President Bush says he will veto bills linking funds with withdrawal
US President George W Bush has warned that US troops will suffer if a dispute with Congress over a war funding bill is not resolved soon.Speaking at the White House, Mr Bush said Congress was failing in its “basic responsibility” to give troops the equipment and training they need.
He renewed his threat to veto any bill that ties war funding with a timetable for the withdrawal of US troops.
Both House and Senate have passed bills calling for troops to leave next year.
Mr Bush said both bills would “undercut the troops” in Iraq and Afghanistan and repeated his warning that he would veto them.
He also noted that 57 days had passed since he requested the war funding – and reproached members of Congress for having “left on spring break without finishing their work”.
If Congress did not approve a war funding bill, “the price of that failure will be paid by our troops and their loved ones”, Mr Bush said, warning troops would spend longer on the front lines.
“That is unacceptable to me and, I believe, it is unacceptable to the American people.”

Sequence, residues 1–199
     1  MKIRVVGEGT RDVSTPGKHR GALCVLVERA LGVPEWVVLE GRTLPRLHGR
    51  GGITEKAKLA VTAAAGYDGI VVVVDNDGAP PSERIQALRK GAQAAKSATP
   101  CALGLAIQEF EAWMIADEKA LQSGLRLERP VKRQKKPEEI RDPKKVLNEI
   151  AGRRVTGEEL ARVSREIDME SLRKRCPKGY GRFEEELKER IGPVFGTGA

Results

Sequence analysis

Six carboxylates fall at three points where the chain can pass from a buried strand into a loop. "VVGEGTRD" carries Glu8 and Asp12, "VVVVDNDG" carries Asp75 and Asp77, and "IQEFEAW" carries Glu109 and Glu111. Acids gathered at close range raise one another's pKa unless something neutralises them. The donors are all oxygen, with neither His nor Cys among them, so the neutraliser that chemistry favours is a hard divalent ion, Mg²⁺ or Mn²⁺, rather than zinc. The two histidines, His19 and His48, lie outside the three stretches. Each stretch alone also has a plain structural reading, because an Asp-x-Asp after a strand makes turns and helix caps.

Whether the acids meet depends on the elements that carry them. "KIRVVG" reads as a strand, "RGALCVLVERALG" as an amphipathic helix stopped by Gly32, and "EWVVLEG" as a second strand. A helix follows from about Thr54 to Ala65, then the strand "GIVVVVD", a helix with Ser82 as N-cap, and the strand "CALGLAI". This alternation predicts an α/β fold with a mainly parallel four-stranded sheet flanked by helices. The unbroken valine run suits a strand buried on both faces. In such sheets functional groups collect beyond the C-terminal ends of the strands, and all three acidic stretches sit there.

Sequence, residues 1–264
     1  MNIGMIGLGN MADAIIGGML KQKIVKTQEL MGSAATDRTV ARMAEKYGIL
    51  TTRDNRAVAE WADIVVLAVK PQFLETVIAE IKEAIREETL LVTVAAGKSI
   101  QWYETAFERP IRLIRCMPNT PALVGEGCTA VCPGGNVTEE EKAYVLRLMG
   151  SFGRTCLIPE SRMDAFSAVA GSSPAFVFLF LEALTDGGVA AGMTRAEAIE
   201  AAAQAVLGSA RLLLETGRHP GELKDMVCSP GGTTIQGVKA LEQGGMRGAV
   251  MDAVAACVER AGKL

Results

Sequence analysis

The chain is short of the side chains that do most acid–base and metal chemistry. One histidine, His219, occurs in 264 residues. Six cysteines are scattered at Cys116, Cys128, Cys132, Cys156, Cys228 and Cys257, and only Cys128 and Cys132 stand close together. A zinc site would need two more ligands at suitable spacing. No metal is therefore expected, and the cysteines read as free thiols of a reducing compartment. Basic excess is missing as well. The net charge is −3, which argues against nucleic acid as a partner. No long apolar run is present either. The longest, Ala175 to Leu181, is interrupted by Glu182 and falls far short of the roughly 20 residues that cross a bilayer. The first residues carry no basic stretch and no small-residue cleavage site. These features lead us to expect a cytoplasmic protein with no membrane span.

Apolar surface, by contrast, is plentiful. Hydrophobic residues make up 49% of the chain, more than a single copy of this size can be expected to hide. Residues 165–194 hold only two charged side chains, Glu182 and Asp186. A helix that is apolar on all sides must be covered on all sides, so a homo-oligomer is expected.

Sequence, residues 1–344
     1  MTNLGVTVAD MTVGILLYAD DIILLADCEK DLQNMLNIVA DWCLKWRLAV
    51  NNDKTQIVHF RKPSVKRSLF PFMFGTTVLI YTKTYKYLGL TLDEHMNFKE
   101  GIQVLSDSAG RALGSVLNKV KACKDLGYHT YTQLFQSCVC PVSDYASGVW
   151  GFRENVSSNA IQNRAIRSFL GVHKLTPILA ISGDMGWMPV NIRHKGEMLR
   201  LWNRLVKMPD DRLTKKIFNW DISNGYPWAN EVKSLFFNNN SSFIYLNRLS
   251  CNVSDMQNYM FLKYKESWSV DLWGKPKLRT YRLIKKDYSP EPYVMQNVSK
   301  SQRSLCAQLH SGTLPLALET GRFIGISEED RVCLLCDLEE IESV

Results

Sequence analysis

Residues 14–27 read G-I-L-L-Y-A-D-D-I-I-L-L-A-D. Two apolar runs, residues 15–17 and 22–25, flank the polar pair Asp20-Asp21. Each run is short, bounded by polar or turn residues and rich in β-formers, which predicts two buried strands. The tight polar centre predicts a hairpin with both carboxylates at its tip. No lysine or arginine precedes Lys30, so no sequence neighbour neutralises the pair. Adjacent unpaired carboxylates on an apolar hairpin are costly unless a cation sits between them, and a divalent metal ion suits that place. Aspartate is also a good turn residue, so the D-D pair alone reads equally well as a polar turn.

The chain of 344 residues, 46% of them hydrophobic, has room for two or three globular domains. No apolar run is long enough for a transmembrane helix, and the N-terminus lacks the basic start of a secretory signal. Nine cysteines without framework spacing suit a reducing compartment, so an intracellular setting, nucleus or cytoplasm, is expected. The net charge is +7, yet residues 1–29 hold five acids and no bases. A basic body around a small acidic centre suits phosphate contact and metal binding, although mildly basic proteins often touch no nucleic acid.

‘Cut off money’
The president’s remarks came a day after Senate Majority Leader Harry Reid announced he would try to cut off money for most Iraq war operations after 31 March 2008, if the president vetoes Congress’s proposals.
The Pentagon says funding delays will hit US troops in Iraq this month
The end of March is the date set out in last week’s Senate bill for the goal of pulling all combat troops out of Iraq.
In a statement on Tuesday, Senator Reid promised the Democrats would give US forces “the resources they need and a strategy in Iraq worthy of their sacrifices”.
He said that if Mr Bush vetoed the bill, the president would be delaying funding for troops and keeping in place “his strategy for failure” .
Mr Bush and Defence Secretary Robert Gates have warned that money for US forces in Iraq and Afghanistan could start to run out from mid-April if the funding bill is not passed.
Analysts say the Pentagon has sufficient financial reserves to last until mid-July, if it moves money around.
But Mr Gates has said the military will be “forced to consider” altering training schedules for reserves and units to be deployed to Iraq and Afghanistan, as well as delays in repairing equipment and renovating barracks.
The Senate legislation approves $122bn (Ã‚Â£62bn) in funds – mostly for the wars in Afghanistan and Iraq – but also orders the president to begin withdrawing troops from Iraq within 120 days of passage of the bill.
The House – whose $124bn bill imposes a 31 August 2008 deadline for troop withdrawal – and Senate must next reconcile their two versions of the bill and send the result to Mr Bush.
If the president refuses to sign it and returns it unsigned, the bill will not become law.
The votes in both the House and Senate were close enough to suggest Congress will not be able to override his threatened veto.
Mr Bush’s Republican party lost control of both houses of Congress to the Democrats last year.